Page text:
People often like to use the term “survivor” to describe a classic car that has managed to make it through decades of potential hazards at the hands of their former owners, as well as the ravages of nature with the original equipment still intact. Calling a car a survivor implies that it has seen hardships and dangers and somehow managed to live to tell about it, while others of its kind weren’t quite so lucky. There are indeed genuine “survivors” out there, but sometimes a really, really nice numbers-matching car didn’t merely survive, but instead it was just very well taken care of.
That’s exactly the case with Phil Perry’s Two-Top 1962 Corvette. This Roman Red C1 wasn’t tucked away safe from mischievous hands and the dangers of nature somewhere in a barn, only to be discovered 40 years later under 3 inches of chicken poo. No; it didn’t make it to 2012 with its original engine, transmission, and rear end still intact by hiding out. It made it here because its owners were wise enough to know exactly what they had, and were smart enough to take good care of it.
Not Just Surviving – Thriving
When I met up with Perry in the quaint little town of Caldwell, Texas, to shoot the pictures for this feature, I couldn’t help but refer to the Corvette as a “survivor” myself. But, during our discussion of the car, Perry told me, “It’s not so much that it is a ‘survivor’ – it’s more like it has ‘lived an easy life.’”
For me, it’s not about showing it off. For me it’s just about owning it and knowing it’s mine.
He may or may not ever be able to track down the owners from the car’s 50 years of existence, but that doesn’t mean that there aren’t plenty of clues to the car’s history right there in the car itself. Perry was able to determine through the car’s serial number that it was built on April 7th, 1962, and was one of 55 Corvettes that were built that day. The interesting thing about that particular date is that it would have been a Saturday. Perry says, “When I first looked up the build date and saw that it was a Saturday, I thought that there must be some kind of mistake. But after I did some research, sure enough, the factory did operate on Saturdays back then.”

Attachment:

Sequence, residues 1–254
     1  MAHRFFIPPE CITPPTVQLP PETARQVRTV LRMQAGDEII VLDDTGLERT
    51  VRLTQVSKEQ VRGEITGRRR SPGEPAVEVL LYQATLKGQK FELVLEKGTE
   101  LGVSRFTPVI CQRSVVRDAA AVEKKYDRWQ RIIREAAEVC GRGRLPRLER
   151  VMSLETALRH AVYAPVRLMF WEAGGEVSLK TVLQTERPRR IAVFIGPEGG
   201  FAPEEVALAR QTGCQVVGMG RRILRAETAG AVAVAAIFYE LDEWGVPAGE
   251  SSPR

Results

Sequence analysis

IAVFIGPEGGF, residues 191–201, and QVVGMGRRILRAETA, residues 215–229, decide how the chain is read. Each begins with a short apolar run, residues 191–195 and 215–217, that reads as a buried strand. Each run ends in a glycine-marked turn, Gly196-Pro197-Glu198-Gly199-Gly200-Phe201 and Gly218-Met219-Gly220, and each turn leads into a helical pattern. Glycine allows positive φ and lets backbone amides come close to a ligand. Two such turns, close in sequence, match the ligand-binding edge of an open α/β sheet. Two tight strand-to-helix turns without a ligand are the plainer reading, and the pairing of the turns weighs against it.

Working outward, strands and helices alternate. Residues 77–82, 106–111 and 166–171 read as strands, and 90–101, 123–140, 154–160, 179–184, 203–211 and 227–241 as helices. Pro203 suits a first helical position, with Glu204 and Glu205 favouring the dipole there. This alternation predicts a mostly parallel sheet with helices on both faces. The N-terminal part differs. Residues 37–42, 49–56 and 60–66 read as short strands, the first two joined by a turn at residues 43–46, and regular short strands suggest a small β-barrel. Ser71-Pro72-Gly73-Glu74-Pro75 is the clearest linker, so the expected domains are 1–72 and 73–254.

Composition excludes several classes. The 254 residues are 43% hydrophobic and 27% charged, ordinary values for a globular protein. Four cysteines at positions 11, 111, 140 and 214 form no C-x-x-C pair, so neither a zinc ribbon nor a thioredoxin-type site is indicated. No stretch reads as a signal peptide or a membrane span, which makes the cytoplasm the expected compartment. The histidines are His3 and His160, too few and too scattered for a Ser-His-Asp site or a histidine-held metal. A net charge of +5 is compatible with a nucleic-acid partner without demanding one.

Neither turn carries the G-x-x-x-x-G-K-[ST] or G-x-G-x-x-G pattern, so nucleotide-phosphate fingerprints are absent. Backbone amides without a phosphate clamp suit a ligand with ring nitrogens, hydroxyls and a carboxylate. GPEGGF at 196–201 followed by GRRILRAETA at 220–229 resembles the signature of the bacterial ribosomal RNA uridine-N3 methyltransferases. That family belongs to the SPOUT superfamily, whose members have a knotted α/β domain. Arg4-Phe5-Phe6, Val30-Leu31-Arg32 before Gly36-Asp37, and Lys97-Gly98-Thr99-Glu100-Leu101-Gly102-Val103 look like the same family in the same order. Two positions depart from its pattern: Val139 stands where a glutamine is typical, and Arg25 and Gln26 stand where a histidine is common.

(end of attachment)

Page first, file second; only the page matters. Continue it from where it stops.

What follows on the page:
The Corvette is still powered by the very same 300 horsepower 327 small block that it left the factory with in 1962, and the same goes for the 4-speed transmission and 3.08 geared Positraction rear end. As a Two-Top car, the Corvette also has a black soft top in addition to the red hard top it was wearing the day of our photo shoot. In 2007 the car had a complete frame-on restoration performed and was thoroughly gone-through. The car was still in good enough shape that a full rotisserie resto wasn’t even necessary.
The One that Didn’t Get Away
For some reason that red Corvette always stuck with me…
Now, all things considered it’s not 100%, perfect and it’s not 100% correct; however it is a solid 95% of the way there. And at the same time, it’s not just a garage queen that spends its life in a plastic bubble. Perry’s Roman Red C1 is every bit of a high-end driver, and a great example of a numbers-matching early Corvette that still sees plenty of street use. So, here it is in the year 2012, exactly half of a century after it was built, as a rolling testament to the fact that some things in life can last forever with a little TLC.